R.Lum.R plays the Catalyst

Preview: R.Lum.R at Catalyst

R&B sensation is still finding his comfort zone with success

Reggie Williams aka R.Lum.R performs at the Catalyst on Saturday, Feb. 10. PHOTO: NOLAN KNIGHT

R.Lum.R (pronounced “Ar-Lamar”) is a little uncomfortable when I compliment his tremendous falsetto voice. He immediately tells me a story from before he became a buzzed-about alt-R&B artist. A friend was playing some of his recordings at work, when a stranger walked in and said, “Who is this girl? She sounds amazing!”

These days he still gets comments that rub him the wrong way.

“I get a lot of double-edged compliments,” he says. “It’s the equivalent of ‘wow, you’re pretty for somebody who’s short,’” he explains.

I’m not the only one that’s obsessed with his falsetto singing voice. In 2017, NPR referred to him as a “fast-rising, pop-friendly R&B singer whose falsetto is no joke.” It’s no wonder. His runaway 2016 Spotify hit “Frustrated”—30 million streams as of this writing—shows off his falsetto spectacularly in its hypnotic chorus.

But if you really want to see R.Lum.R’s pipes in action, check out his acoustic cover of Frank Ocean’s “Thinkin’ ’Bout You,” where he gives the legendary Ocean a run for his money vocal-performance-wise.

The rendition also captures R.Lum.R’s innate ability to be fully vulnerable while singing, something he developed at a young age. One of his first shows was at his high school talent show. He’d been dealing with a close friend falling prey to addiction, so he wrote a song for her called “Stay.” (“I need you to stay even though you’re pushing me away.”)

He was “up there on stage crying, pouring my heart out” he told Vibe in 2017. The audience furiously applauded his performance.

When I tell him what a beautiful story this is, he tells me that he learned to access his feelings in art from his music teacher.

“The way to fight stage fright is when you’re on stage, think about why you’re there, think about why you’re singing the song, and if you’re reliving the reason that you wrote that song, then you’re giving out that emotion, and it’s there for people to receive,” R.Lum.R says.

It’s not hard to see this level of emotionality in the music he’s released as R.Lum.R; low-key, perfectly produced, surreal soul songs. But when he started playing music, he didn’t jump right to that. His early years as a musician were, as he describes it, him doing his “best John Mayer impression.”

As a teen he fell in love with bands like Coheed and Cambria, which inspired him to play the guitar, as well as nu-metal, pop-punk and emo. He wouldn’t really explore his soul/R&B side until he started getting interested in production software Ableton. He started producing tracks on his own, and became the go-to hook guy for local rappers where he lived in Florida.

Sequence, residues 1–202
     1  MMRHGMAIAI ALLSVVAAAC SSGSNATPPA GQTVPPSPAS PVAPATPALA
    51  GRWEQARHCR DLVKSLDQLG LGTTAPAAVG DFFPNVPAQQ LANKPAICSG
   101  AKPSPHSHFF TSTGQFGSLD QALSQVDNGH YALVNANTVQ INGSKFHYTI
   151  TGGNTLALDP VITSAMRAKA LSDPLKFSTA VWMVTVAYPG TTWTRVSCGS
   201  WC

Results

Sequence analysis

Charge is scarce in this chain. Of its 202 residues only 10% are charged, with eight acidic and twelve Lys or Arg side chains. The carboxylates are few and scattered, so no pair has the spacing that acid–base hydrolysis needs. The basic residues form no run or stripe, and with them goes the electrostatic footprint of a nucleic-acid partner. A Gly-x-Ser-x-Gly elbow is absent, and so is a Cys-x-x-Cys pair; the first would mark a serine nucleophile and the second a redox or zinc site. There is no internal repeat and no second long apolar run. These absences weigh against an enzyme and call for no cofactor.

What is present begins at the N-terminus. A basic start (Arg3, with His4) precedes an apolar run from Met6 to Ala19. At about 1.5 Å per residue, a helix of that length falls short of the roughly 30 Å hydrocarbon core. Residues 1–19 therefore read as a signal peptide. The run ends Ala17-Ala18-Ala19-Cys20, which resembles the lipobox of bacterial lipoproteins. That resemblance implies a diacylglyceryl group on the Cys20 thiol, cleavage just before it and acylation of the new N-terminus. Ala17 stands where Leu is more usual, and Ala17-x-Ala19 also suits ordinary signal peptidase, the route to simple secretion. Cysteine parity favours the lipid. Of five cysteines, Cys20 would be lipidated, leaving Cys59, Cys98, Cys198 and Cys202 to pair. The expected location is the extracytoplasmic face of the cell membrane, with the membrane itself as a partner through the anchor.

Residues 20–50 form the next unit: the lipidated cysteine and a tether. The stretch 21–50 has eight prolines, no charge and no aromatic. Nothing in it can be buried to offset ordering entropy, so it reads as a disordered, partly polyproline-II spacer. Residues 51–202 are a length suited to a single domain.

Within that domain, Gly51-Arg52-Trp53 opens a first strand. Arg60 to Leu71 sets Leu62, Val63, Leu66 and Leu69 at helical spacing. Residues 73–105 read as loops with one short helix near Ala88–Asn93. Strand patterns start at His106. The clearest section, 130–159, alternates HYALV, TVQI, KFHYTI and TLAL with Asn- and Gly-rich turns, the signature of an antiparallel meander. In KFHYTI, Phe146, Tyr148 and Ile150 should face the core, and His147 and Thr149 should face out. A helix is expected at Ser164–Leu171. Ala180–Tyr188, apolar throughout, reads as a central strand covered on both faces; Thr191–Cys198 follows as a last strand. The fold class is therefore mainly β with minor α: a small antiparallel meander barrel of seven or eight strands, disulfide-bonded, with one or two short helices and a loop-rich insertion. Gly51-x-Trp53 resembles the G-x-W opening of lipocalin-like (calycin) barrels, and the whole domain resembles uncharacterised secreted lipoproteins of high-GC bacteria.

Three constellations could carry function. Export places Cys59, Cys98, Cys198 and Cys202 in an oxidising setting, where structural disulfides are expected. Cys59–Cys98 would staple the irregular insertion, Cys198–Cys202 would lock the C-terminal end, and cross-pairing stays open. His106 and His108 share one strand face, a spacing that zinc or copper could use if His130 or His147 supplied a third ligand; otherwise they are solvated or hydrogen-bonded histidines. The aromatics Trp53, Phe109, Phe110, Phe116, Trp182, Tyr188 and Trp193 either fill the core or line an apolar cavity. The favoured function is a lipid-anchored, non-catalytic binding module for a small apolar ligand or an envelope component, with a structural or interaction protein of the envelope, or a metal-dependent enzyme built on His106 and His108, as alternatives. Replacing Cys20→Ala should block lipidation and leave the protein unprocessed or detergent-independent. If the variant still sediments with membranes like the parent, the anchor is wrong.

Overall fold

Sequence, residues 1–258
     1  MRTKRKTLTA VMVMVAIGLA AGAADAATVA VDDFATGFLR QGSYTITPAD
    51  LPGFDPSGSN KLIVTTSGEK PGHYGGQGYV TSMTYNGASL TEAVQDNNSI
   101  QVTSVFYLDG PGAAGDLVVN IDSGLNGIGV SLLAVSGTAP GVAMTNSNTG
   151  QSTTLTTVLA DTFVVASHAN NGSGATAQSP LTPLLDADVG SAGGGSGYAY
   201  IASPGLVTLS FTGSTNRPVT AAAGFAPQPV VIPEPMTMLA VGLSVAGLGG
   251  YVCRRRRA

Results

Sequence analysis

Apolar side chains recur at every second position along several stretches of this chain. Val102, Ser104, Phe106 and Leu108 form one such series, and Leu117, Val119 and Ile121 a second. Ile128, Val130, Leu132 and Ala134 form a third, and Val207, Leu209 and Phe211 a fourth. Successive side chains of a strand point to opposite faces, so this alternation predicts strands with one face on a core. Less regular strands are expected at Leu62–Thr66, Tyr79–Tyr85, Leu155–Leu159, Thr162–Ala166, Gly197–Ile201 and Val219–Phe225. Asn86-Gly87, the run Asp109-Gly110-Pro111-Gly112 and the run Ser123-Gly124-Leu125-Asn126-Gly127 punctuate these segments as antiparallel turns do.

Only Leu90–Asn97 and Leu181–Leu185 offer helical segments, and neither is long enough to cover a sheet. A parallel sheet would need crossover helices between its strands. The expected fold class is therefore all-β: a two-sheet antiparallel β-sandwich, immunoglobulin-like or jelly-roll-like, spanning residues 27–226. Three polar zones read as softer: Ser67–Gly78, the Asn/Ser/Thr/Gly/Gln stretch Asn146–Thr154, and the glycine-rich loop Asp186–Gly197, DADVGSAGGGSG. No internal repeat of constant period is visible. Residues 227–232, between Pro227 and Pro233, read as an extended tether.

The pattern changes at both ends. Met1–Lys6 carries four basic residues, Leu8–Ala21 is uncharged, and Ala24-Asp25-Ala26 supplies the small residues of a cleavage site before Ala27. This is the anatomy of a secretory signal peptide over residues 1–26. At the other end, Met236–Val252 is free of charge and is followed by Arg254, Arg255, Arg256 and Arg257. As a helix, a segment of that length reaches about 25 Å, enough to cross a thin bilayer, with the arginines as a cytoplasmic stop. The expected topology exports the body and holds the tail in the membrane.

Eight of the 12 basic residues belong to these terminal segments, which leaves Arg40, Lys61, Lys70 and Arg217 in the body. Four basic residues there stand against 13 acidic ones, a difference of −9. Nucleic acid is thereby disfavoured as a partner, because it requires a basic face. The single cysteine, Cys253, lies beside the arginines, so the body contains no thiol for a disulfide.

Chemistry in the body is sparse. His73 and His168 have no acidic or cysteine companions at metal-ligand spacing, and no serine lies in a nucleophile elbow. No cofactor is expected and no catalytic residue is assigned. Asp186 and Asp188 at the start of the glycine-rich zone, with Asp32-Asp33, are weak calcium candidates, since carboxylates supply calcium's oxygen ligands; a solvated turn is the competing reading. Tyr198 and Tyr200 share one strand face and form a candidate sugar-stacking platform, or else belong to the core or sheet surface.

But soul was always a major influence for him. It’s the first music he ever heard. His mother listened to it all the time when he was younger.

“I think at my core R&B music is in my heart. I don’t think I could fake that even if I wanted to,” R.Lum.R says. “My mother wouldn’t let us listen to anything else. I didn’t know that there were other types of music until I got to Middle School and my friend showed me Linkin Park.”

Originally he was playing music under the name Reggie Williams, but stumbled into a career as R.Lum.R serendipitously. He’d built some connections with folks in the music industry who asked him to demo some soul songs for other, more established artists. When they heard his demos, they wanted him to be the singer.

“I don’t know that I ever had the vision that I’m going to be a rock star or whatever. I thought that John Mayer and all these people were just blessed, and were Olympians. I didn’t know you could create a music career for yourself.,” he says. “So that said to me, ‘OK, there’s something that’s naturally interesting about this. I feel like I should pursue that and see what that is.’”

When he started to take his career as R.Lum.R seriously, he opted to relocate to Nashville. He considered other cities like Chicago or L.A., but every other major town he could think of had their own R&B and hip-hop sound. Not Nashville, a town not in any way known for R&B.

“They don’t have a tradition for the type of sound or the person like me, so I can go down there, and I can create my own lane, I can totally do my own thing, and completely fail and blow it, and just start over,” R.Lum.R says. “The first six months it wasn’t working out, but I started getting shows, and I realized that it was a developing thing.”  

R.Lum.R plays at 9 p.m. on Feb. 10 at the Catalyst, 1011 Pacific Ave., Santa Cruz. $13/adv, $15/door. 429-4135.

Contributor at Good Times |

Aaron is a hard-working freelance writer with a focus on music, art, food, culture and travel. In addition to Good Times, he's a regular contributor to Sacramento News & Review, VIA Magazine and Playboy. When he's not working, he's either backpacking, arguing about music or working on his book about ska. One thing's for sure—he knows more about ska than you.

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